JAM:KWilliams,CFreud,GJones
WELCOME TO JUST A MINUTE!

starring KENNETH WILLIAMS, CLEMENT FREUD and GERALDINE JONES, chaired by NICHOLAS PARSONS (Radio, 28 October 1968)


NICHOLAS PARSONS: Welcome to Just A Classic Minute! My name is Nicholas Parsons and Iíve been chairman of Just A Minute since it began on BBC Radio Four in 1967. Keen followers of contemporary Just A Minute may be amazed how the game was played during the early days. The premise was the same as it is today. No hesitation, repetition or deviation. But in the early series, the rules of the game were very loosely defined, and I would often interpret them in a haphazard way. For instance, the rule of repetition did not apply to the repeating of words, although it could. More usually the challenge would be repetition of a thought or idea, in a similar way that the rule of deviation was applied. This meant that every challenge by a player was a gamble, something that did not advance the show. These days, I apply the rules far more rigourously, and the fun arises from my efforts as chairman to maintain some consistency. It is precisely this kind of development over 36 years or more which has contributed to the showís success. And it is perhaps testament to the cleverness of its creator Ian Messiter, that his early imprecise rules allowed for such evolution. Although the pilot episode of Just A Minute contained some good laughs, it didnít greatly impress the powers that be at the BBC. Perhaps they thought it sounded a little old fashioned, and they were reluctant to commission a series. In fact, David Hatch the producer had to fight to persuade them there was potential in the format, even to the point of threatening his resignation unless he was given a series. Happily he won the day and we had our first run. Derek Nimmo and Clement Freud survived from the pilot, and were joined on successive weeks by other well-known performers. Our first programme in this classic collection is from the second series in 1968. David Hatch had decided to develop the format by having only three players instead of the usual four, an experiment which was part of the evolution I mentioned earlier. Although it was reasonably successful, the three player format survived for only one series. You will also note that the announcer says ďthe chairman this week is Nicholas ParsonsĒ. The reason being that David had also decided as a gimmick, for three episodes only, to put me on the panel and have the other players take the chair for one week each. Again it was an interesting experiment, but one which was never repeated. David Hatch also had the inspiration to bring on board for the second series, Kenneth Williams, who once heíd found his feet soon discovered that Just A Minute provided an excellent vehicle for his comic skills and character voices, as well as offering him the opportunity to show off his erudition and knowledge. He loved the show and was a regular for many years. Before we get started I ought to point out a couple of other peculiarities of the early days. It was for a time the practice to have rounds in which a specific word could not be used. Once it was realised that the basic format was strong enough to survive without such handicaps, they were dropped. Similarly by 1968 the whistle had not yet been introduced to denote the passing of a full 60 seconds. In the first series, Ian Messiter had the idea of using a rather camp cuckoo noise. That soon went. Then it was a hooter noise, which was rather confusing as it sounded very much like the buzzers used by the players. The introduction of the whistle a few series later was excellent as it lent a sharp, concise and dramatic note to the proceedings, in keeping with the way the series was evolving. So here we go with the first episode from this collection, first broadcast in October 1968. In it Kenneth Williams and Clement Freud are joined by Geraldine Jones, an intelligent and articulate woman from Oxford University.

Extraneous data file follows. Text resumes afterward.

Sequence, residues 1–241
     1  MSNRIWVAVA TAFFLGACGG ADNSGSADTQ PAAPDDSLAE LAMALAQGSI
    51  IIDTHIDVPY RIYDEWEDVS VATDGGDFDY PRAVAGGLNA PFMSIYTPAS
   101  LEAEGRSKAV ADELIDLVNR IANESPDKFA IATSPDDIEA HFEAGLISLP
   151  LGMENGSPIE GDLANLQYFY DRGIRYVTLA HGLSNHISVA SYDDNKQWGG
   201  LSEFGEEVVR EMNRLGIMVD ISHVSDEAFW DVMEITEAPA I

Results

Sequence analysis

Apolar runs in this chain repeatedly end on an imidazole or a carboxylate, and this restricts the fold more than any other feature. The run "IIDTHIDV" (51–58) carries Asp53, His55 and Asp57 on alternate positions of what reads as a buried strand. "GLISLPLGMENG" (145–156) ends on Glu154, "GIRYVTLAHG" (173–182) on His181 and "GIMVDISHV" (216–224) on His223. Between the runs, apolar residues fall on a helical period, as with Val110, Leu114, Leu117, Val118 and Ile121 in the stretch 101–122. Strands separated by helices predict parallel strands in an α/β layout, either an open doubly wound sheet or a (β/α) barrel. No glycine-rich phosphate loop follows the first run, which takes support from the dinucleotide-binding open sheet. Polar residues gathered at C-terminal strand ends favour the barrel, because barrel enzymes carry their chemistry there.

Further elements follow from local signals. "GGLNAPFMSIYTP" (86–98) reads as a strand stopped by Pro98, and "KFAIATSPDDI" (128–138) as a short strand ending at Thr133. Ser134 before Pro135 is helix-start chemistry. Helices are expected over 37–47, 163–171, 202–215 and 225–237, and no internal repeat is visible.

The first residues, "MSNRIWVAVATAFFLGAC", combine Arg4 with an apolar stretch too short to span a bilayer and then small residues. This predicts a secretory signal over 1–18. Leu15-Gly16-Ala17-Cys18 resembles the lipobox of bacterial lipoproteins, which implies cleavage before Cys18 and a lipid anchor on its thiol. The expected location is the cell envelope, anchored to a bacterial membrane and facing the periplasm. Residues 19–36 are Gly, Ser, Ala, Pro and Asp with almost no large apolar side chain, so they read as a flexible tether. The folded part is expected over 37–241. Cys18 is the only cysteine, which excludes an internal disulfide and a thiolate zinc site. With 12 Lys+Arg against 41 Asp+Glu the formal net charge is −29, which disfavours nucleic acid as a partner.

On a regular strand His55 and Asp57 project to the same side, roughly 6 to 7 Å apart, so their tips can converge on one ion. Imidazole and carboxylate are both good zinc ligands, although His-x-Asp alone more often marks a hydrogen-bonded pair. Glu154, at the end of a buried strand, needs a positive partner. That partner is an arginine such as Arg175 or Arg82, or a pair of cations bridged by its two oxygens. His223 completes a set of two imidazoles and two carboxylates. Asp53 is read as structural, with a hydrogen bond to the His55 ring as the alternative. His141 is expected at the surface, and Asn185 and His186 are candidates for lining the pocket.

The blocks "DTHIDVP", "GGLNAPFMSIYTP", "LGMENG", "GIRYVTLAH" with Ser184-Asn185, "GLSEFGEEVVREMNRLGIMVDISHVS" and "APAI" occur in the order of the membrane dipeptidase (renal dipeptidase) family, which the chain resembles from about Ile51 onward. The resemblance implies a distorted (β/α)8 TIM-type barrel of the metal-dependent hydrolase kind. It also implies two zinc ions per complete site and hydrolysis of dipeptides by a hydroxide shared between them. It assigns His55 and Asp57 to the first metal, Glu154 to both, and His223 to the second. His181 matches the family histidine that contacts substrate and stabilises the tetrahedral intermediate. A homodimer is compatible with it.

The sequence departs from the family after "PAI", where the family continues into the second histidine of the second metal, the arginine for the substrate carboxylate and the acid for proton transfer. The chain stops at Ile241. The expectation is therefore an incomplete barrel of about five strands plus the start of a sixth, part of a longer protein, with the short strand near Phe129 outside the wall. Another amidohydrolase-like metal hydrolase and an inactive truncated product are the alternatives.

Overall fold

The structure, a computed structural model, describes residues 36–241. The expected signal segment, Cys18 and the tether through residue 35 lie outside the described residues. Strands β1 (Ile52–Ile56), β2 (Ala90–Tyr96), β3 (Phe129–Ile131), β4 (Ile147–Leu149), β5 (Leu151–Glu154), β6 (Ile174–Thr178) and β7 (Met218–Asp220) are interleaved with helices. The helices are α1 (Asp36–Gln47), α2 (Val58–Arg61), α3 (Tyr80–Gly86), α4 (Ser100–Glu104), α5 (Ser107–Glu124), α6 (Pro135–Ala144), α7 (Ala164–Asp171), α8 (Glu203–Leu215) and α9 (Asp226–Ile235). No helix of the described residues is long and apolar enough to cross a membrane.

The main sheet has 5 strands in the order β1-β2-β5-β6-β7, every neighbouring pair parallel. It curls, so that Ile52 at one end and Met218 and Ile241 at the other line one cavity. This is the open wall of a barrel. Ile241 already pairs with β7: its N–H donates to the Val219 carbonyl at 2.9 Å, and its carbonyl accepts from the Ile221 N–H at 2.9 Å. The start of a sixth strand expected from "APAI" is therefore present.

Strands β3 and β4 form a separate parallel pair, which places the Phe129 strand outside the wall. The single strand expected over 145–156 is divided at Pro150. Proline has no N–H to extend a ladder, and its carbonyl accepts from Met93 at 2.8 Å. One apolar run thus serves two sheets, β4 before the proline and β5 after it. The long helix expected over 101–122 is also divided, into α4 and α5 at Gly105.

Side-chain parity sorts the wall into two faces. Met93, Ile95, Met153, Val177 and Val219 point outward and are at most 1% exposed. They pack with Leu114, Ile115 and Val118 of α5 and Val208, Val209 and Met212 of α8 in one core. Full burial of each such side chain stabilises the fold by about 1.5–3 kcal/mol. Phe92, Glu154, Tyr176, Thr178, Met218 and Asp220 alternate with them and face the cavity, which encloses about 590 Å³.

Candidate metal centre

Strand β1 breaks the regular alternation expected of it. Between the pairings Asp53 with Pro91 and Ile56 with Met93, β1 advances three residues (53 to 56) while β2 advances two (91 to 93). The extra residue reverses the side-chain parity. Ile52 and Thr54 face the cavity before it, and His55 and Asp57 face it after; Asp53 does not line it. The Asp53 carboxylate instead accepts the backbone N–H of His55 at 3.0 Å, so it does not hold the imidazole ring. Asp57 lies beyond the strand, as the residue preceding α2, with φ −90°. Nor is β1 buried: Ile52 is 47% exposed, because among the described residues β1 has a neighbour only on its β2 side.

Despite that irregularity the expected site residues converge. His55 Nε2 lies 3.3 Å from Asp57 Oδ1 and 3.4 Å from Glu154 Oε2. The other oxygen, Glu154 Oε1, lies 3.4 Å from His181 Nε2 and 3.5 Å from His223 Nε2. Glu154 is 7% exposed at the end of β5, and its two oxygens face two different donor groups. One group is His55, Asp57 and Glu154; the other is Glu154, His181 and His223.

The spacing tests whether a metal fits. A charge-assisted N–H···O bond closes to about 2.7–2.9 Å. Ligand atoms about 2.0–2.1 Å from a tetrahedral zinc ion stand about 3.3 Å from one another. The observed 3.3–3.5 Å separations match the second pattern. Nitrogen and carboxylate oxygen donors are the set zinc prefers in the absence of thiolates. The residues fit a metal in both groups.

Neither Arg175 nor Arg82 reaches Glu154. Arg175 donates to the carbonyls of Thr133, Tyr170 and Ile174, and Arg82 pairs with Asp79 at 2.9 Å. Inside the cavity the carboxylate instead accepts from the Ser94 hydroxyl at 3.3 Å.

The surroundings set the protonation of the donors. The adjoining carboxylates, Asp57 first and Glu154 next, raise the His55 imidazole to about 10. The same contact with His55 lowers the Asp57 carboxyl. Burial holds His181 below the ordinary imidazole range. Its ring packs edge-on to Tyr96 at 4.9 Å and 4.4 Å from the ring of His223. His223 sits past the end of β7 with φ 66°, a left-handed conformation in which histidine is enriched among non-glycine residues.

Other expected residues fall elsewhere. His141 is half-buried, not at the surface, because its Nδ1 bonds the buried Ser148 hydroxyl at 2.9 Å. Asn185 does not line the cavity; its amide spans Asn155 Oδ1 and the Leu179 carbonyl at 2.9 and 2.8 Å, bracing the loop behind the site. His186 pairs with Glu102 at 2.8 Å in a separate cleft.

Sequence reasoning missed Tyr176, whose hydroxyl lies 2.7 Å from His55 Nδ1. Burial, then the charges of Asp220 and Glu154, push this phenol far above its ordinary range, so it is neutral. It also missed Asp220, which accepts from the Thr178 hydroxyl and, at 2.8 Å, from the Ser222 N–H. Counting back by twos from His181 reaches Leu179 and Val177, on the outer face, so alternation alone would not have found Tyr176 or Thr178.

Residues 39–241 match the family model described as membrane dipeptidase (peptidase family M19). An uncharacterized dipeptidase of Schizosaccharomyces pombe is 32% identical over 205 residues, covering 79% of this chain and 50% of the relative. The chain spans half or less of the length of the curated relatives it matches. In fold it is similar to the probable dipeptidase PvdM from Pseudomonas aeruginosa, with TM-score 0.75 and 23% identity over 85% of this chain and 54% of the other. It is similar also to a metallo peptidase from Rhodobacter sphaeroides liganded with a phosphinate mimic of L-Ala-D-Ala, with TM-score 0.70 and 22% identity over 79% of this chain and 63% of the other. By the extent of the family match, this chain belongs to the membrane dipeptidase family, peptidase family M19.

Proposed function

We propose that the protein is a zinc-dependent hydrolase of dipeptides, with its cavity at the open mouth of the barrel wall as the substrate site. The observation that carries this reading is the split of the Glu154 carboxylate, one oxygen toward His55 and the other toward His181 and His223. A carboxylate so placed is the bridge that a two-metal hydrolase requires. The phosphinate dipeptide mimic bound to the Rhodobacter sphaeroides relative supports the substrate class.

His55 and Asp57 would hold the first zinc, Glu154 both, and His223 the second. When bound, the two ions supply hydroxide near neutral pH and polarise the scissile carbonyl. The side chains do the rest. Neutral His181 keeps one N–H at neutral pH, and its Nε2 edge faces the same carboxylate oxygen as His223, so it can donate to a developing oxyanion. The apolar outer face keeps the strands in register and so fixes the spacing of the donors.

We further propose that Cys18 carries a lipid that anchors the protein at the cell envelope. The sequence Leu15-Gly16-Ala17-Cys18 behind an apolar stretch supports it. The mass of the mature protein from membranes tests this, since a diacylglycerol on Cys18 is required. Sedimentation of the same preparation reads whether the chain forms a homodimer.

THEME MUSIC

ANNOUNCER: We present Kenneth Williams, Clement Freud and Geraldine Jones in Just A Minute. And as the Minute Waltz fades away here to tell you about it is this weekís chairman Nicholas Parsons.